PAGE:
UK Retail Insights: How the Industry Is Adapting to Today’s Challenges
28 July 2022 |
The C2FO Team
Supply chain woes and higher costs are forcing some retailers to rethink operations and invest in new technology.
Retailers in the UK are facing one of the most difficult business environments in years as higher inventory costs, rising inflation and other obstacles make it more expensive to operate.
But retail experts tell C2FO that all these challenges also create opportunities for the organisations savvy enough to seize them.
“This is the time when bravery and a long-term view will be handsomely rewarded,” said Matt Truman, executive chair and co-founder of True, a consumer and retail specialist investment firm.
C2FO met with a series of decision-makers at large UK retailers recently to discuss the current environment to gain a better understanding of the problems facing the sector and how retailers are responding. Here are some of the key findings from those discussions.
Retailers are being crunched by higher costs and lower spending
As a result of larger economic forces, retailers are being squeezed on two fronts. On one side, almost every single aspect of their business is now more expensive, with rents, wages and inventory being of particular concern. But they’re not the only ones suffering — so are customers, who find themselves with less discretionary income as the costs of essential staples like food and energy rise.
As a result, retail spending has experienced a “substantial slowdown,” the British Retail Consortium reported. In June 2022, retail sales were down 1% compared to the previous year, despite the celebrations around the Queen’s Platinum Jubilee. It was the third month in a row of declines, with discretionary items taking much of the hit.
Other retailer insights into business threats included:
While everyone is aware of major forces impacting the economy — such as COVID-19, the Russia-Ukraine war and Brexit — some root causes might not be as apparent. For one, poor harvests this year — some of it related to the Russian-Ukraine war, some of it related to bad weather or a lack of workers — are also having an effect on the supply chain.
As inflation started to spike months ago, retailers were able to somewhat shield consumers from higher prices, though there is some question about how long that practice will last.
A similar question is being asked about environmentally friendly products and whether shoppers will still be willing to pay a premium during a time of high inflation.
Facebook’s value as a marketing channel has eroded, so retailers that lean on it are finding themselves in a more difficult position. (In recent years, fewer people in the UK have used Facebook, though that appears to be reversing.)
Innovation is the way forward
“In this environment, companies need to innovate, which is counterintuitive to current market conditions and tough to achieve, but ‘training at altitude’ is the best way forward currently,” Truman said.
How are retailers adapting to these changes? According to the business leaders we interviewed:
They’re changing how they operate, with a special focus on delivery and “rapid commerce,” where orders are available within 10 to 30 minutes after being placed. There was some question, however, of how rapid commerce will be affected if supply chain shortages continue over the coming months.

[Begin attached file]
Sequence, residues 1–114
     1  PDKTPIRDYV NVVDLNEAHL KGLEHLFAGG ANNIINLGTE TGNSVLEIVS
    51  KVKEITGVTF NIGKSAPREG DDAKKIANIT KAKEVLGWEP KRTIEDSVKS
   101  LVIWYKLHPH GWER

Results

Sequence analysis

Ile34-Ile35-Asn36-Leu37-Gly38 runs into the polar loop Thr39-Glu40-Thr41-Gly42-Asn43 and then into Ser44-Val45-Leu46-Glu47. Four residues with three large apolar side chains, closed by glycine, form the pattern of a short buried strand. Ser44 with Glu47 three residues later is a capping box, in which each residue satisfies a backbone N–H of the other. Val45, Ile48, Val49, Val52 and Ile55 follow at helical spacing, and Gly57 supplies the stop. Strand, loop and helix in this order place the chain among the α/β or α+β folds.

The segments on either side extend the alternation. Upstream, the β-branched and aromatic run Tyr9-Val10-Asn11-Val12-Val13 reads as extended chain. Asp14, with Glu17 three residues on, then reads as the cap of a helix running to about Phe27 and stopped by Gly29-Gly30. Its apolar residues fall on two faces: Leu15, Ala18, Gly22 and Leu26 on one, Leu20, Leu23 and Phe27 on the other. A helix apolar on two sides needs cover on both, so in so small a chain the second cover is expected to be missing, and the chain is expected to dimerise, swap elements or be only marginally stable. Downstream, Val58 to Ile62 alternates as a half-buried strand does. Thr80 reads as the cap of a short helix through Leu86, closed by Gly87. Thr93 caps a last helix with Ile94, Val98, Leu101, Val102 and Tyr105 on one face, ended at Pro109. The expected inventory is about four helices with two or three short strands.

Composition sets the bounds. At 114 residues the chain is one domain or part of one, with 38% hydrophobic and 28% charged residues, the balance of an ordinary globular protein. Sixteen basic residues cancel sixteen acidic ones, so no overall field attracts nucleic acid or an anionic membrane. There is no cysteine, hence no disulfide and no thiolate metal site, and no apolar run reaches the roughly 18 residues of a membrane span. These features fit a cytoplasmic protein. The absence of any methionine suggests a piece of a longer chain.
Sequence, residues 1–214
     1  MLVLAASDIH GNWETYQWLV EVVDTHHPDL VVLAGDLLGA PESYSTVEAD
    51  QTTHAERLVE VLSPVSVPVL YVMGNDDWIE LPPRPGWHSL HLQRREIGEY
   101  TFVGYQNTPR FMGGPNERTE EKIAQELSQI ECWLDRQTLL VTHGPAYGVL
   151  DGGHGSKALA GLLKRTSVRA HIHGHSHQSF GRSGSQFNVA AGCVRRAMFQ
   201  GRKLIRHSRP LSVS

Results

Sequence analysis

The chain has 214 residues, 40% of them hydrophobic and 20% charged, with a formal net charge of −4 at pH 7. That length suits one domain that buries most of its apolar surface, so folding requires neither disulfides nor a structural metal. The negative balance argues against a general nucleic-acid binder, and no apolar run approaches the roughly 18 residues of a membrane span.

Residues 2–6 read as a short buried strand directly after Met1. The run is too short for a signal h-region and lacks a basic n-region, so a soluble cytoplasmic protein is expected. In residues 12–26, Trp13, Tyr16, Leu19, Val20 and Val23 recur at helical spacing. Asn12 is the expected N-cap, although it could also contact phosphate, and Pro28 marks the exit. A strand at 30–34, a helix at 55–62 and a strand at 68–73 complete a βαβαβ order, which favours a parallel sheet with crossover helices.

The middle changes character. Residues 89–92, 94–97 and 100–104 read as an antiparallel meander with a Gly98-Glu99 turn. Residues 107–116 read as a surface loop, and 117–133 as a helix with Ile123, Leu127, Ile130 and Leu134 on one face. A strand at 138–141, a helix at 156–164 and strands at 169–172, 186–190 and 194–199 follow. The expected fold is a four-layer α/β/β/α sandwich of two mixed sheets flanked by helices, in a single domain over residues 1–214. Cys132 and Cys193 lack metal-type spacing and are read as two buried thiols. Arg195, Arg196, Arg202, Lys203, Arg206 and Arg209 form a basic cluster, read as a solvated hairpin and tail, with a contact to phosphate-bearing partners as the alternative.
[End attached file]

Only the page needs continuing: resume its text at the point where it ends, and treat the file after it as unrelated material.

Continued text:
They’re investing in robotics as the technology becomes more affordable, which could benefit retailers’ logistics as robots take over more of the duties of storing and packing inventory — especially when new hires are harder to come by.
They’re starting to explore strategic acquisitions of other brands. Over the last several years, Truman said, capital has practically flooded the market, allowing retail concepts that weren’t particularly strong to survive. As the money dries up, though, companies that are in a healthier cash position are looking to absorb them and potentially benefit from acquiring the strength of their brand.
Another strategy: Optimise working capital for the supply chain
In a period of higher inflation, it’s key for businesses to maintain healthy levels of working capital, so they have the resources to meet higher prices or make investments that help them preserve their margins.
Retailers can support their suppliers by accelerating payment of their invoices, which can help provide those businesses with ready access to cash. And unlike traditional lending, this can be done without the supplier going to the trouble of applying for a line of credit and paying interest.
Retailers should view this as self-interested benevolence: Faster payment ultimately ensures that those suppliers can endure over the long haul and will be there to serve retailers’ supply chains well into the future. In turn, it improves the retailers’ margins — capturing a large volume of small discounts can add up to a sizable improvement in EBITDA.
C2FO’s platform enables this kind of early payment with a system that lets suppliers choose which invoices they would like to accelerate, in exchange for a small discount. For their retailer customers — many of which have extremely healthy cash reserves — that discount represents a return much greater than if their reserves were placed in other short-term vehicles.
The bottom line
Retailers face a complex landscape but one that also represents opportunities for those that are ready to pursue them. Building and nurturing a healthy supply chain will be an important part of that, and C2FO can equip retailers with early payment programs that can make this possible.